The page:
California Public Utilities Commission President Marybel Batjer announced Tuesday she is resigning at the end of the year, finishing off two-plus years of sometimes tumultuous events at the regulatory agency that oversees the major power companies in the state.
In a six-paragraph note to commission staff, Batjer did not give a specific reason for stepping down, saying only that it “was a difficult decision.”
She said she is “grateful” for the backing of Gov. Gavin Newsom, who selected her for the position in the summer of 2019, and “his continued support as I focus the remainder of my service to facilitate the transition of new leadership” and better position the state to deliver reliable electricity amid challenging wildfire conditions. Batjer’s term was not set to expire until Jan. 1, 2027.
The governor’s office said a decision on a replacement will be made by year’s end.
In summer 2019, Newsom brought Batjer from secretary of the California Government Operations Agency — the department that administers state operations including procurement, real estate, information technology and human resources — to head the utilities commission.
“For decades, Marybel Batjer has helped tackle the most persistent challenges confronting Californians head-on,” Newsom said in a statement. “She is a passionate, smart and thoughtful leader and I’m grateful for her service to the State of California and wish her all the best in future endeavors.”
Batjer became CPUC president as Pacific Gas & Electric — the state’s largest investor-owned utility — was emerging from bankruptcy proceedings in the wake of the 2018 Camp Fire in Butte County that killed 84 people. Just a couple of months later, the CPUC approved a controversial bill passed by the Legislature and signed by Newsom that created a $21 billion fund the state’s big power companies can tap if their equipment ignites a wildfire that leads to significant damages.
In August 2020, California suffered its first statewide rolling blackouts in nearly 20 years after a sweltering heat wave and other factors pushed the state’s electricity system to the brink. A week later, another round of outages was narrowly averted.
“Let me make this crystal clear: We failed to predict and plan for these shortages and that’s simply unacceptable,” an angry Newsom said at the time and ordered the CPUC, the California Energy Commission and the California Independent System Operator to deliver a report on what happened and why.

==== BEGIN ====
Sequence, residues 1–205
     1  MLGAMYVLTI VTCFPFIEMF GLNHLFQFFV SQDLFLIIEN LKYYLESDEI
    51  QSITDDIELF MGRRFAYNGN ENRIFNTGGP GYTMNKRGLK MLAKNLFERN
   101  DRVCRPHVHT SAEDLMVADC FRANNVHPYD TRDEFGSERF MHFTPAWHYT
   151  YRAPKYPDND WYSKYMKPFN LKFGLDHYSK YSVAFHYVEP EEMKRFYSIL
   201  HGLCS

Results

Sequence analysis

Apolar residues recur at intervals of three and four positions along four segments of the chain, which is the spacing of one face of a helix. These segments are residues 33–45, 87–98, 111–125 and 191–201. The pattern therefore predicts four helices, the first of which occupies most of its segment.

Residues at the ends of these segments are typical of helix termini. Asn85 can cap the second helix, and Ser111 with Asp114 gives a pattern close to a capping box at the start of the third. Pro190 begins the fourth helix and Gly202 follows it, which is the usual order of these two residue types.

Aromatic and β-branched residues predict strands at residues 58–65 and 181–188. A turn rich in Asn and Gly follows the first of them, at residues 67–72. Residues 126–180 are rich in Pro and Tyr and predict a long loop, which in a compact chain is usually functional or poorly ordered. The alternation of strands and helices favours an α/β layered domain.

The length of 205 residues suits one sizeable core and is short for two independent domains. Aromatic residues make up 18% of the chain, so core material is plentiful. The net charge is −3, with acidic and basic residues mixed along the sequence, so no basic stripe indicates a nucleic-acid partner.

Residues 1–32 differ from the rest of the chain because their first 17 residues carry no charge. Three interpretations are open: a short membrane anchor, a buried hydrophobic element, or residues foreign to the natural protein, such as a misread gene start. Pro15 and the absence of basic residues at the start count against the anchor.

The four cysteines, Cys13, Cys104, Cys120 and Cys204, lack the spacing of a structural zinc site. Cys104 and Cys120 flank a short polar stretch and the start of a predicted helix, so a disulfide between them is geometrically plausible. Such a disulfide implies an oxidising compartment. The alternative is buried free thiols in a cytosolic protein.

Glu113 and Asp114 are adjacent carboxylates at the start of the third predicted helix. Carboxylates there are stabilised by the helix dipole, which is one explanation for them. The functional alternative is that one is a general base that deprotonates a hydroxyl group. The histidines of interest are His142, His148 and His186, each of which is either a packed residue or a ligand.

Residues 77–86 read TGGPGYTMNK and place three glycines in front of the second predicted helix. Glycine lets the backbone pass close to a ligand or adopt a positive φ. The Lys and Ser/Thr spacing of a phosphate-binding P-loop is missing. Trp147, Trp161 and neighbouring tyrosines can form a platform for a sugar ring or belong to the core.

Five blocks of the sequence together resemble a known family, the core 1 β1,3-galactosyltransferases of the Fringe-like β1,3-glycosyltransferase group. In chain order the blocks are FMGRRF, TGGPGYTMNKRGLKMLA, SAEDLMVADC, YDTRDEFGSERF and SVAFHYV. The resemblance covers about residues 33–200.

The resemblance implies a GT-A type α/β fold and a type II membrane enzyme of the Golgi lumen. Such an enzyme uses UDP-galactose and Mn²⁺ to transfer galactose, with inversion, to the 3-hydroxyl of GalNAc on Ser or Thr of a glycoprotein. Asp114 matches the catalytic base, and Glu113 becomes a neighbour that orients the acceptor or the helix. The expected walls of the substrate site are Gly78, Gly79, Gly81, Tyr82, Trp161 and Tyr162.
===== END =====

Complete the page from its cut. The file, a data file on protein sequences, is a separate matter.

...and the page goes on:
So far this year, a repeat has been avoided, although the system operator has issued eight statewide Flex Alerts, which call on customers to voluntarily reduce their energy use when the system is under the most stress, usually from 4 p.m. to 9 p.m.
The CPUC also experienced turbulence within its ranks when the commission fired executive director Alice Stebbins in August 2020. Stebbins said she was let go for looking into more than $200 million in uncollected money from utilities that stacked up over the years but Batjer and the commission said Stebbins had favored hiring former colleagues for CPUC positions.
Stebbins and her attorneys have filed a lawsuit against the commission.
A little more than three months ago, Batjer appeared at the State Capitol. Some key Sacramento lawmakers criticized the CPUC, saying it often ignores directives from the Legislature. “I do think (the CPUC) has lost track of its mission and lost track of who it is supposed to serve,” Assembly member Phil Ting, D-San Francisco, said.
Batjer and the CPUC have also been criticized for being too lenient with PG&E, which last week was charged with manslaughter after its equipment was tied to the ignition of the Zogg Fire last year near Redding. The commission has long been accused of being too cozy with the utilities it regulates.
“Whatever’s been happening at the commission hasn’t been working,” said Michael Aguirre, a San Diego attorney who has often locked horns with the CPUC. “It hasn’t been working for the utilities, for the commission, for the ratepayers or the residents and victims of all these fires. What needs to happen is a strong, reform-minded president of the commission needs to be appointed.”
Mark Toney, executive director of The Utility Reform Network, a consumer group based in San Francisco, said while Batjer was “light years better” than her two immediate predecessors, Michael Picker and Michael Peevey, “we thought she could have been harder on wildfire accountability” and better at keeping rates affordable for consumers.
Gary Ackerman, a utilities and energy consultant with more than four decades of experience in power issues affecting states in the West, said the governor may well have a tall order in finding the right person for the job.
“If they put somebody in there who looks the part and says the right words, then you’re going to find yourself with another two-year term PUC president,” Ackerman said. “But if they find somebody with some backbone, an independent spirit and a Legislature that respects that point of view — whether they agree or not — I think there might be some hope.”